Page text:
CloverETL is Java-based tool/framework for data integration and creation of data transformations. It is component based and follows the concept of transformation graphs which consist of individual nodes/components performing simple (or complex) operations on data. Any transformation can be defined as a set of interconnected nodes through which data flows. CloverETL can be used as a standalone application or be embedded into a larger project.
The JET Code Generator connects to any JDBC-based database and exports the schema as an XML-formatted file, and then generates code based on XSL Transformations. The user is free to write/modify XSLTs to generate virtually any type of source code from the XML representing your database schema. A complete example is included with a database, support classes, XSL Transformations, and build scripts (ANT and batch).
mkmed is a set of tools for maintaining software packages. The mkmed program automatically generates system- and configuration-independent intermediate files of a package, including build scripts. Unlike make, mkmed works bottom-up, so it can infer information you would otherwise have to express. mkmed-version creates a new distributable version of a package, and mkmed-tar creates a tarball of a distributable version.
The Quickmake system is a set of makefiles and templates allowing rapid setup of heirarchial build directories, allowing the user to focus on application development rather than on the details of makefile construction and dependancy generation. It automatically generates dependancy information and automates the entire build system, right up to packaging.
SmartUI is a lightweight Java library for user interfaces. It can be used in applets or applications. It features a very small size. It is not JavaBean, but it includes a tool called UIMaker to design/generate the UI for your Java program. You can also manually edit your source and use the library API to create the user interface of your choice.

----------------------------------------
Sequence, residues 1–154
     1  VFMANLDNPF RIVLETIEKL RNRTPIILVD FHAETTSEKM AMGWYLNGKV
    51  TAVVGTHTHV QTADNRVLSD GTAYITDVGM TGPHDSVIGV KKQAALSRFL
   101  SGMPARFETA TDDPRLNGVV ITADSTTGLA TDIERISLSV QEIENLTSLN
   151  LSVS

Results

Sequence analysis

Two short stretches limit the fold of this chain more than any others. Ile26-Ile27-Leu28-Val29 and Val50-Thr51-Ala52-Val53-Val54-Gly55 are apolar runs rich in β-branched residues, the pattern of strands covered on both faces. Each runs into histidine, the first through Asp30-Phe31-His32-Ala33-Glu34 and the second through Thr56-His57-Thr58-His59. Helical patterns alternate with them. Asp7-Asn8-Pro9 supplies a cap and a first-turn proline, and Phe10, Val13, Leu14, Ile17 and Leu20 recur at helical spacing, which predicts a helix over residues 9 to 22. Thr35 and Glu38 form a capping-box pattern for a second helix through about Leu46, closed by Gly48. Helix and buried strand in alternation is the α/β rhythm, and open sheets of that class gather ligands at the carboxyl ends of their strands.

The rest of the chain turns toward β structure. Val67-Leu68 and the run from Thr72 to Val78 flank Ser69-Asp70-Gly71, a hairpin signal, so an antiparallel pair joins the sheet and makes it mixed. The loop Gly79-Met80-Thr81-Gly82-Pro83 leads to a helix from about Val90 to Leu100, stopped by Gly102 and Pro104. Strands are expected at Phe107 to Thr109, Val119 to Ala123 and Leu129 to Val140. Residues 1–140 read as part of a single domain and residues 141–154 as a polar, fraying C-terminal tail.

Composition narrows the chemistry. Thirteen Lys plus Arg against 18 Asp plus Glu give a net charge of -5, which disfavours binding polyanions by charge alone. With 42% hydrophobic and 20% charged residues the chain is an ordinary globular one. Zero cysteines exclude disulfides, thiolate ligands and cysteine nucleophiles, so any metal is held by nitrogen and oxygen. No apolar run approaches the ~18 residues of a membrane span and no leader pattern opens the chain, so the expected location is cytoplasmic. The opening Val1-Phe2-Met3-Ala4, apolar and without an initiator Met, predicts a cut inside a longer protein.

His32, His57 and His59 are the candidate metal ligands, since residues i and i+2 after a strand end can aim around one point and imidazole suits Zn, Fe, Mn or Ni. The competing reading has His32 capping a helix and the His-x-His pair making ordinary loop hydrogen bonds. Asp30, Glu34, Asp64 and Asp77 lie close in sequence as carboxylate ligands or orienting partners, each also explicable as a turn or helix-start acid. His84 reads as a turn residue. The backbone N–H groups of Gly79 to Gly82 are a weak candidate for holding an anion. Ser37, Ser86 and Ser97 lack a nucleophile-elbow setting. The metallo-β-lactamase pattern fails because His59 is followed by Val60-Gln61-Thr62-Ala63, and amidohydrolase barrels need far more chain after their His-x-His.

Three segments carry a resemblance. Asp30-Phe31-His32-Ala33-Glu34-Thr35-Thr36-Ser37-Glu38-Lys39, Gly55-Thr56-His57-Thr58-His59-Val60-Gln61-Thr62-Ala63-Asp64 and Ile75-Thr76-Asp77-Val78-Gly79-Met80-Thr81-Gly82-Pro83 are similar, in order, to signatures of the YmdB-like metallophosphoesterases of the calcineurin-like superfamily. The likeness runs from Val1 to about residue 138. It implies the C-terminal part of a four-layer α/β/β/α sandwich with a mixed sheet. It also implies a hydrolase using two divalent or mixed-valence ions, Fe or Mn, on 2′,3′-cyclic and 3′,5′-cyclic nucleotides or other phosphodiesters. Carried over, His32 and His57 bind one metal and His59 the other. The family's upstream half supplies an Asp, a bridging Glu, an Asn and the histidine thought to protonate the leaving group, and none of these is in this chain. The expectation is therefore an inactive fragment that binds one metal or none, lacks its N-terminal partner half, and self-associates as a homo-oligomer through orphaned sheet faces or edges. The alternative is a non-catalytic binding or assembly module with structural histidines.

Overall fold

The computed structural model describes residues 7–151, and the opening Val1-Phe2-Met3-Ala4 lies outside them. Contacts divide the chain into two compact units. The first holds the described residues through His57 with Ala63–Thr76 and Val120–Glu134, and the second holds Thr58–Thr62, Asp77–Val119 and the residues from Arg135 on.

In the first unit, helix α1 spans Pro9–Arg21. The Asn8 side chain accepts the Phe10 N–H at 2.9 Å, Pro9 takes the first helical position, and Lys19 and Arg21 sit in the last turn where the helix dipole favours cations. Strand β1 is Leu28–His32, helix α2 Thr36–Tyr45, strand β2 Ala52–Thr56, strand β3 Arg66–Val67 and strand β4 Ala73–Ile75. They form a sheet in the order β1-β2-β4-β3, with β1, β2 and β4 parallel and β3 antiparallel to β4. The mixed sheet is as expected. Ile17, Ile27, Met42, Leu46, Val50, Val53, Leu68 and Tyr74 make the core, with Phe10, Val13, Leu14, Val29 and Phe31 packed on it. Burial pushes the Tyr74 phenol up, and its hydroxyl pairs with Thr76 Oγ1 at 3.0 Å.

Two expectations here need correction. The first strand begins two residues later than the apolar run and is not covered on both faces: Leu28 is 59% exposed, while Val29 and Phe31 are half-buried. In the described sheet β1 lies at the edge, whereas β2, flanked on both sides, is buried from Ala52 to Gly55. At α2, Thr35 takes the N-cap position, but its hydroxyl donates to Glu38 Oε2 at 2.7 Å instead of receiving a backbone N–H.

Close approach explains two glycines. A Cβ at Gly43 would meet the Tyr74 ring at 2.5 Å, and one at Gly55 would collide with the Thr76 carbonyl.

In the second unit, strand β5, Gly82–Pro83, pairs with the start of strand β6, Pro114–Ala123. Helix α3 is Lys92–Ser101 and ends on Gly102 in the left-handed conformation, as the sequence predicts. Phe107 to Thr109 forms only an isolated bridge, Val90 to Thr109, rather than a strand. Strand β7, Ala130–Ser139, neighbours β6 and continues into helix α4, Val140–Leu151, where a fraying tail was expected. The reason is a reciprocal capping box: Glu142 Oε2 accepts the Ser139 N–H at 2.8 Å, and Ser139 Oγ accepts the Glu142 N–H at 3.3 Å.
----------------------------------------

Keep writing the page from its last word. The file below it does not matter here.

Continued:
Makescan generates a complete Makefile, parsing source files and headers. It does simple deductions on source file names to be included in the build list, resolves header dependencies, and allows the user to fine-tune several Makefile flags. It is useful for fast generation/updating of Makefiles in small and not-so-small C/C++ projects, and works with the GNU make processor.
serverizor allows you to take a normal command- based program, and run it as a tcp server in the background. This means that you can start up such programs once, and then connect to them with a command-line client, and run commands, disconnect, connect again from some other machine, etc. So, you can use it to boot up a large program such as emacs or lisp (in interpretor mode, not in editor/windowing mode) in the background, and then whenever you want to run emacs/lispy scripts, you could just run a serverizor client with a few commands. Therefore, the client and the server are the same program.